Everyone involved in sport sometimes wishes they could be better – that they could jump higher, run or swim faster, create better opportunities or score more goals.
A coach can help people make these improvements. You will find coaching a great way of staying in close contact with your sport, particularly if you are reaching the end of your own sporting career. If you are a parent or teacher, it is a very satisfying way of helping your own and other people’s children fulfil their sporting potential.
Coaching improves both the person and the performer.
People improve their performance when they believe in themselves, have a desire to succeed, or are willing to change. Coaching is about change. A coach is an agent and catalyst for such change. A skilful coach will change people’s attitudes, aspirations, ability, lifestyle and personality for the better.
Coaching is often more to do with improving quality of life than performance, although the two usually go together. If you perform better and achieve more, you gain greater enjoyment from life and, at the higher levels of sport, can gain considerable rewards. People normally improve with a programme of safe, guided practice, measured performance and competition.
Coaching usually involves a combination of questioning, demonstrating, explaining and guiding. Good coaches achieve their objectives through a carefully planned and progressive programme of activities. Many diverse activities are involved in coaching. However, effective coaching should always involve the following three stages:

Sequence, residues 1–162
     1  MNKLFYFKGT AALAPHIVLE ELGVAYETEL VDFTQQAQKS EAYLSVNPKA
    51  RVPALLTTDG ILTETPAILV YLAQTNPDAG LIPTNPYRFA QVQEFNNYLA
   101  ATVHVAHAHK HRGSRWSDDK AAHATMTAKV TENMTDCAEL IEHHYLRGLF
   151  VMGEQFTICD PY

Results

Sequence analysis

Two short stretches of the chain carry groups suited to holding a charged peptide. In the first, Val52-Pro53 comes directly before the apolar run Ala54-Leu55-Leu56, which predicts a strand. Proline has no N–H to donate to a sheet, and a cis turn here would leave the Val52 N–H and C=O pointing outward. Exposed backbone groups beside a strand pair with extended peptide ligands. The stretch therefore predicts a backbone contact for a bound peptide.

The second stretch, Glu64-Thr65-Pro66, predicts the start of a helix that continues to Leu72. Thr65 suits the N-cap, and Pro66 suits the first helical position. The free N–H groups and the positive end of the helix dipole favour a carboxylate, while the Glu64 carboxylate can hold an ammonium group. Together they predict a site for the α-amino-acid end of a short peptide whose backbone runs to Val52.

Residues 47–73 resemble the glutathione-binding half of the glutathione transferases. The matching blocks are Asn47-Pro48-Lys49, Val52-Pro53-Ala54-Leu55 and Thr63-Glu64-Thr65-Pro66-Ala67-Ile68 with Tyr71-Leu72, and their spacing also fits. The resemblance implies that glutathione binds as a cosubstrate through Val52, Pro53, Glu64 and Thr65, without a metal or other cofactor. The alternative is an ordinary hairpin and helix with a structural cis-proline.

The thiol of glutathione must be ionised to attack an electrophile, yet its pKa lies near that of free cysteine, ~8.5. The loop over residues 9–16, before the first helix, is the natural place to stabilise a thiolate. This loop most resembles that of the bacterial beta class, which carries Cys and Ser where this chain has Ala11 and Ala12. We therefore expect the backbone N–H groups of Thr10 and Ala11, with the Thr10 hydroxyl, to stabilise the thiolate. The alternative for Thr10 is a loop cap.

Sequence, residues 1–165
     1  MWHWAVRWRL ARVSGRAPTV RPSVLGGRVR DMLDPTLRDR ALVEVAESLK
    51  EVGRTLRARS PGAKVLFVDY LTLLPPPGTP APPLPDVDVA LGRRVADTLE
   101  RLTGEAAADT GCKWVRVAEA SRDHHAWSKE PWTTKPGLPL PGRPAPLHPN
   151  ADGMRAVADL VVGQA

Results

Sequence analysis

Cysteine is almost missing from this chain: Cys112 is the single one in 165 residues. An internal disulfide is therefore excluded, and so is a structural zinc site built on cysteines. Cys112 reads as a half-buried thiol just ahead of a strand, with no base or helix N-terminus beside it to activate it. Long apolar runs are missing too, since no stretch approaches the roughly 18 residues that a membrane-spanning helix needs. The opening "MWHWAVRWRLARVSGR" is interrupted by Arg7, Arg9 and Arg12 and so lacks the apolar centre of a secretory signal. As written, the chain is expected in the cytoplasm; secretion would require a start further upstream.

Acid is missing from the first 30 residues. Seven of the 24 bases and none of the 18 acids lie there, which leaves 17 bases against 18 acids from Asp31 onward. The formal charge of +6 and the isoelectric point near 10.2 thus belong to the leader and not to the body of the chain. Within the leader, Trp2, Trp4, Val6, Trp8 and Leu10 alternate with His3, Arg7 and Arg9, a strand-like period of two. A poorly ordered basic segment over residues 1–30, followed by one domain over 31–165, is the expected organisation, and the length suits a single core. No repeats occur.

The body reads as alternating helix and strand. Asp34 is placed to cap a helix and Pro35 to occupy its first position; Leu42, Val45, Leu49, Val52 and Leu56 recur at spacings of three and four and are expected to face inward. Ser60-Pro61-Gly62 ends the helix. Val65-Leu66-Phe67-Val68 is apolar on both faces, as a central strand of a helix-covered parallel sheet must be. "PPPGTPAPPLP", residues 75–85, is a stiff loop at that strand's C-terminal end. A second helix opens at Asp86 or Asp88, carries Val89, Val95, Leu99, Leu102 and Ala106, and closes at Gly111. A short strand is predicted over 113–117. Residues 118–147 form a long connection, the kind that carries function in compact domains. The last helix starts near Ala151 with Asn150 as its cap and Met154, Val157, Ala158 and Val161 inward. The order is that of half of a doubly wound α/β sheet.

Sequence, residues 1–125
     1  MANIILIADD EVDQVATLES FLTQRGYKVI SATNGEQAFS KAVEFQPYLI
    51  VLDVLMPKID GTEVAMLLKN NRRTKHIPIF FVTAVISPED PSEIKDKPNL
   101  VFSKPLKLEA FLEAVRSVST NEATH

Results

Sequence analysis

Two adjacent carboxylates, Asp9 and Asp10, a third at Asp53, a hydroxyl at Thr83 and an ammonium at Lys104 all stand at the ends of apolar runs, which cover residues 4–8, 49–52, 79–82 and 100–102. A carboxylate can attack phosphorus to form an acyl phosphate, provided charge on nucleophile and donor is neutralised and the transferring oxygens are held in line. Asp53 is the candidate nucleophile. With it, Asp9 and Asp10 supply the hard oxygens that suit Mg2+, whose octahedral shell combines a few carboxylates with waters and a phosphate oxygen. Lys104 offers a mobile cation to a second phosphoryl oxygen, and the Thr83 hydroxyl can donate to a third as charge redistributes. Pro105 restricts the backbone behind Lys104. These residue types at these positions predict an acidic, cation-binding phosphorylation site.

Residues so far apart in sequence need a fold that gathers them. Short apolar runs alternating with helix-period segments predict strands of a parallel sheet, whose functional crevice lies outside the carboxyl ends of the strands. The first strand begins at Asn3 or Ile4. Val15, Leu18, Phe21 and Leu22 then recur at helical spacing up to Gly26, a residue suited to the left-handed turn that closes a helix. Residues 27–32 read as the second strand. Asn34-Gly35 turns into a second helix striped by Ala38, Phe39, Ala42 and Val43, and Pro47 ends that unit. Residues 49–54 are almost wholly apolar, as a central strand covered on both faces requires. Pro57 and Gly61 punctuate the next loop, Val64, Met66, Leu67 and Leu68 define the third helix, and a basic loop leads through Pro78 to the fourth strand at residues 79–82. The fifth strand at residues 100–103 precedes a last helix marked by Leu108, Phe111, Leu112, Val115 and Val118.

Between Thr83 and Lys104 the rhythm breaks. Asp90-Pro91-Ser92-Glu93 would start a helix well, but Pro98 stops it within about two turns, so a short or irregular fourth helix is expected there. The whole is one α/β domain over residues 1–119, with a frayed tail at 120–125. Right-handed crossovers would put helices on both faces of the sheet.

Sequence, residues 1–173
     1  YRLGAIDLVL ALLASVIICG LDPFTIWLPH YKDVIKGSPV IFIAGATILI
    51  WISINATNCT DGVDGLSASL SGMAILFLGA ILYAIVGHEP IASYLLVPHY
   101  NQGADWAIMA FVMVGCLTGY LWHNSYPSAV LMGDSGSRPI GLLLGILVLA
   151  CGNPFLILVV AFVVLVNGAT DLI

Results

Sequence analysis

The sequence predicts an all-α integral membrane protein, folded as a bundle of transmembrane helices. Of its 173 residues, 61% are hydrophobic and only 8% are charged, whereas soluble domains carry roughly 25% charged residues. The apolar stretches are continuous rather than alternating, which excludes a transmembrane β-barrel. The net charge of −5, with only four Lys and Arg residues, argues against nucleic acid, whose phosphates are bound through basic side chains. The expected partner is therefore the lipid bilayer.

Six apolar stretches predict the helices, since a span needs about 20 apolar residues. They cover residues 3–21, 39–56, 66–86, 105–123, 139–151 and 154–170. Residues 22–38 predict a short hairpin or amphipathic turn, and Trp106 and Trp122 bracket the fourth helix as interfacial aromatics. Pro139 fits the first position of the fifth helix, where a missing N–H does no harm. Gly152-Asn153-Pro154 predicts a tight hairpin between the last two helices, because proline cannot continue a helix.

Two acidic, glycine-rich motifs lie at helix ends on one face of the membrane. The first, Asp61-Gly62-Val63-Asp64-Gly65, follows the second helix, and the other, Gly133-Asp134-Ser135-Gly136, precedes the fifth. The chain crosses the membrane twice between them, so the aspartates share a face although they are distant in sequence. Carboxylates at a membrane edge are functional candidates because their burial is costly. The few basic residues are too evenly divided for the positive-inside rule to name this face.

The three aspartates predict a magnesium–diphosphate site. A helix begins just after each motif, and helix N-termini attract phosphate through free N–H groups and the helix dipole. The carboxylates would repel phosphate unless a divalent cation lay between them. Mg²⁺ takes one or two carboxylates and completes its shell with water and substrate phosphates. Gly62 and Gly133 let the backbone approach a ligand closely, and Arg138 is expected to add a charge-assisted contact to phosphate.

- Planning and organising
- Guiding, challenging and directing
- Monitoring and evaluating.
Good coaches coach people, not the sport. They should:
- understand what people want to do and achieve (motivation)
- recognise and build on what people can do (talent identification and development)
- identify and correct, where possible, what people cannot do (eg skill limitations, inadequate fitness levels, weaknesses in attitude)
- discover and enhance what people will do (commitment and determination).
The coach must create and manage an environment in which people are motivated to maintain participation and improve performance. The coach must provide a balance between challenges set and the ability of the participant. If a challenge is too great for the participant’s ability and experience, they will suffer anxiety and underachieve. If the challenge is too easy, the person will quickly lose interest and still underachieve.
- become more skilful
- develop a greater awareness and understanding of the sport
- become more confident and self-reliant
- be more able to deal with success and failure
- become active learners and be:
- able to learn naturally from experience
- better equipped to cope with change.
Download a copy of Top Tips – What is sports coaching.